Congratulations to the all Colorado farm equipment dealers, their lobbyists, and their Senate Bill 18 spear carriers, Sen. Don Ament (R) and Rep. "Bud" Moellenberg (R).
The dealers can relax and toast themselves with champagne, knowing their blood kin and related-by-marriage families will never have to worry about "the next paycheck". From now until the world ends, farm equipment dealer franchise contracts with suppliers will continue as long as dealers (and their franchise heirs) don't do anything stupid, such as file bankruptcy or commit a felony.
"Contract until the world ends"? Under SB 18, a supplier can't "fail to renew" a contract "without cause". If the supplier has cause, the dealer has six months "to cure any claimed deficiency".
Of course, what constitutes "cure" will be by a court decision, especially if dealer and supplier don't even agree on how to interpret the statutory list of "causes". And every court dispute under this new law remains in Colorado, and not the supplier's home state, because the new law says so.
"Contract until the world ends" isn't the only benefit in this seventeen-page law. Other items any dealer would want are also there, such as: No "unique" supplemental impositions, getting deliveries on time, no price discrimination, the right to transfer minority interests in the business without supplier's consent, and a damages section that spells out ONLY the rights of the dealers.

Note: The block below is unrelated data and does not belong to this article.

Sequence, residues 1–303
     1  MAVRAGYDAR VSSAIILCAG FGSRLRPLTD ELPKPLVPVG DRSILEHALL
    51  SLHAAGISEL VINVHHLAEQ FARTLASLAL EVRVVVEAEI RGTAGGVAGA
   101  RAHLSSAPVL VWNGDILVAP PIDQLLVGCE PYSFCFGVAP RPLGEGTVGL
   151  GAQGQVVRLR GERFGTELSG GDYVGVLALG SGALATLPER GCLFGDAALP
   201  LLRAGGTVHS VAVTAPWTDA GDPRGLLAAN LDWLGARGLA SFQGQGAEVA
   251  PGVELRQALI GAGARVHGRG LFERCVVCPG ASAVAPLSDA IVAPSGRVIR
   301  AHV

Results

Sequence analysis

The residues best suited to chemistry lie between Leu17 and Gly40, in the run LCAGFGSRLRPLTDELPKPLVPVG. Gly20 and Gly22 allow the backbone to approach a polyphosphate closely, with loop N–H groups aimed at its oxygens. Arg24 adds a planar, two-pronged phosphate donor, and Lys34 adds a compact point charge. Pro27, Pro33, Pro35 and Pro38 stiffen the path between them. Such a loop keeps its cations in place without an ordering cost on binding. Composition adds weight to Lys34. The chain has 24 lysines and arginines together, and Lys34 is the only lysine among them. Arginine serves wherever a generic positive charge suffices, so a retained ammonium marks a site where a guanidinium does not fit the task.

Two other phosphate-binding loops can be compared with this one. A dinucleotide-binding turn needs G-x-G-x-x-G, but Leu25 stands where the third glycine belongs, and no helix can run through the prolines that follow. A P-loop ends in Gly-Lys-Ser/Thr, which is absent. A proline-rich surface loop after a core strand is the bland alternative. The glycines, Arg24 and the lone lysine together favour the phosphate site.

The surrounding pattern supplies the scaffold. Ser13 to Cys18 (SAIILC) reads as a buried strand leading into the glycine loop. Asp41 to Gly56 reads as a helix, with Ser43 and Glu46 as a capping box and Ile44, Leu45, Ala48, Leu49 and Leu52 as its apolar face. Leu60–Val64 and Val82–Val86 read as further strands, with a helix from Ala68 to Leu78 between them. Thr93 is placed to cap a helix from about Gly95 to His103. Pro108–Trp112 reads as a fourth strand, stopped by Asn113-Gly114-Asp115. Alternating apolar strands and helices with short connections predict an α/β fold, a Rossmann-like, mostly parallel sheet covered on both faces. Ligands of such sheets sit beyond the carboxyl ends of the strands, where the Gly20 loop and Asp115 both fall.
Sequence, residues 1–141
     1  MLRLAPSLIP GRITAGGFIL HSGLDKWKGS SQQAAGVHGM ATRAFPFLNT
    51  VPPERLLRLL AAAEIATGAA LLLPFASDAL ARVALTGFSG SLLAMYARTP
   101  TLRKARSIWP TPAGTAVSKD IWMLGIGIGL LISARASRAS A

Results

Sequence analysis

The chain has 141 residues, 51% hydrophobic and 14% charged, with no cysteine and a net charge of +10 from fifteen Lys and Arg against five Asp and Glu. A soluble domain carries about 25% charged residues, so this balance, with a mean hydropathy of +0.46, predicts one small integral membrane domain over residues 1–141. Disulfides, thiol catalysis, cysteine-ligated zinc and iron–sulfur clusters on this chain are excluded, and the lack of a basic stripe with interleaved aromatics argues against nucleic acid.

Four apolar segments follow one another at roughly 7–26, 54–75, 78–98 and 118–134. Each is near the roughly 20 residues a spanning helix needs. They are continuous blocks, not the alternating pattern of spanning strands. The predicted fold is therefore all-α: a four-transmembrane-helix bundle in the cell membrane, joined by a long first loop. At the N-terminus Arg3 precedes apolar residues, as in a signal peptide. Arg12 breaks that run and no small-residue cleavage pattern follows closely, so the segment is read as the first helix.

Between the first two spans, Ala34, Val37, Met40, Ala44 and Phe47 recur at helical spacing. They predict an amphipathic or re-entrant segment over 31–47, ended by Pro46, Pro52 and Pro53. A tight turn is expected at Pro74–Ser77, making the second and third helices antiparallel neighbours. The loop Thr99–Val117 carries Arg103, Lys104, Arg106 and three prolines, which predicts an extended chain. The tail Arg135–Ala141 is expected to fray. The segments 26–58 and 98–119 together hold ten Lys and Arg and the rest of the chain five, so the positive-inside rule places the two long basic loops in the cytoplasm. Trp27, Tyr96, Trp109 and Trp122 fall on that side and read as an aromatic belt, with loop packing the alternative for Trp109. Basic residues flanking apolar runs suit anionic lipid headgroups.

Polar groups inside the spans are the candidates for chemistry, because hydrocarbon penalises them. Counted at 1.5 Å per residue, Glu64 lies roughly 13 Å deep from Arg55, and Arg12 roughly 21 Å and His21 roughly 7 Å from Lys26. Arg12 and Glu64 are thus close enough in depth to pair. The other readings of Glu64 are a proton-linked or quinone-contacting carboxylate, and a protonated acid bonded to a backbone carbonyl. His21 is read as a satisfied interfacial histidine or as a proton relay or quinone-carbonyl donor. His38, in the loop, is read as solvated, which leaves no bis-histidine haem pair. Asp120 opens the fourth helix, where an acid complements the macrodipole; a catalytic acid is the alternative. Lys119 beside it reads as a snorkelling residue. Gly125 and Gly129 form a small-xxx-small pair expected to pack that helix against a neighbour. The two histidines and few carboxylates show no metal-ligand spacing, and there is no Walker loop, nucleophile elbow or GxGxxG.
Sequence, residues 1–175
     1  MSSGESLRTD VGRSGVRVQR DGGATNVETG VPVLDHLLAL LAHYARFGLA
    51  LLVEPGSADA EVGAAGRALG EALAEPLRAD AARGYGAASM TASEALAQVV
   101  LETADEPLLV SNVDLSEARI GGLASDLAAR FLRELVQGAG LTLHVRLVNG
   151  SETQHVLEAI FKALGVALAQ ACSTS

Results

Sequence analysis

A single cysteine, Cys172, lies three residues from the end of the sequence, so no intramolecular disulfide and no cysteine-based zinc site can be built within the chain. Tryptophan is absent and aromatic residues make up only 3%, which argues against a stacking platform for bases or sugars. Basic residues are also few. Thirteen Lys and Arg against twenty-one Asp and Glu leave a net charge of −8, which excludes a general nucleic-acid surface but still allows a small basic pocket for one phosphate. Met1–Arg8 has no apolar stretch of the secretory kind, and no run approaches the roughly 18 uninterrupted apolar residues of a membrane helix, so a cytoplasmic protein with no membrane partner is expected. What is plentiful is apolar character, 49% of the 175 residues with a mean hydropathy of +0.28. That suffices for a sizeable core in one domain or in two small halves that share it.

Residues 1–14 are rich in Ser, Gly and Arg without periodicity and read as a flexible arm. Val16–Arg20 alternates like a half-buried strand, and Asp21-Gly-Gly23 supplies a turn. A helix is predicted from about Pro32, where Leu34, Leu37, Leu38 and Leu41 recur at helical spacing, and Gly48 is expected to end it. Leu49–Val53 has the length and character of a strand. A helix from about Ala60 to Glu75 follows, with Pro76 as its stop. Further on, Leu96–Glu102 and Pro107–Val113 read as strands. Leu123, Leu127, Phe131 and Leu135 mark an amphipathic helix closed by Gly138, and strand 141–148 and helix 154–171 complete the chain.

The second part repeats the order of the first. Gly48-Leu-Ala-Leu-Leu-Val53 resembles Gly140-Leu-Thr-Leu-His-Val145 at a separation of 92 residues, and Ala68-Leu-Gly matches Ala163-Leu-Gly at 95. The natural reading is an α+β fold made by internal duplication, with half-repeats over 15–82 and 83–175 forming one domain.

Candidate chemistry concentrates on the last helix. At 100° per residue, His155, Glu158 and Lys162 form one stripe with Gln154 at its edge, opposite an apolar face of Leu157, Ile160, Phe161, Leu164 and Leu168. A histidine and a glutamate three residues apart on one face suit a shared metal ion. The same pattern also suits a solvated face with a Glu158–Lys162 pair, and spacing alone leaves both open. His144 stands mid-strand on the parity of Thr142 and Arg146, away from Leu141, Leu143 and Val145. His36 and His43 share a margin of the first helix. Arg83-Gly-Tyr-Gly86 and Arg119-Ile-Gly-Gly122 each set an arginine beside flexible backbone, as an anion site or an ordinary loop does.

The Ament-Moellenberg bill is probably the first time the legislature has taken a business contract written by one party in a two-party situation, and actually made it a law on the statute books.
And what is even more disconcerting was the decision made by Gov. Romer in regard to SB 18. On May 2d, Romer informed the state senate: "As of this date, I have neither signed nor vetoed SB 18 `Concerning Trade Practices in the Farm Equipment Industry'. Therefore, according to state law, the bill becomes law without my signature at 12:01 a.m., May 2, 1995.
Not that the Romer decision was unexpected. Despite heavy lobbying by some (not all) of the legislative Democratic leadership to veto the bill, Romer informed them early and often that he would not.
The Romer position was a far cry from the one he took on a similar law in 1991 when beer wholesalers decided they wanted an iron-clad franchise agreement with wholesalers that would last until the world ends, and they got the legislature to pass their bill.
In reponse, Romer struck straight and hard at the Republican psyche, using every phrase but "hypocrite" in his veto message which you can find in the House Journal of April, 15, 1991:
"I have vetoed this bill because it is an unwarranted intrusion by government into contractual relationships between beer suppliers and distributors. I believe that we can have orderly relationships within the beer industry without the government dictating terms of contracts. In addition, this bill would set a precedent that would invite other businesses to seek government protection and intervention in their franchise relationships.
So why did Governor Romer suddenly change his philosophy? Why did Governor Romer not veto SB 18? Why did he provide no explanation in his report to the Senate as to why he was not signing the measure?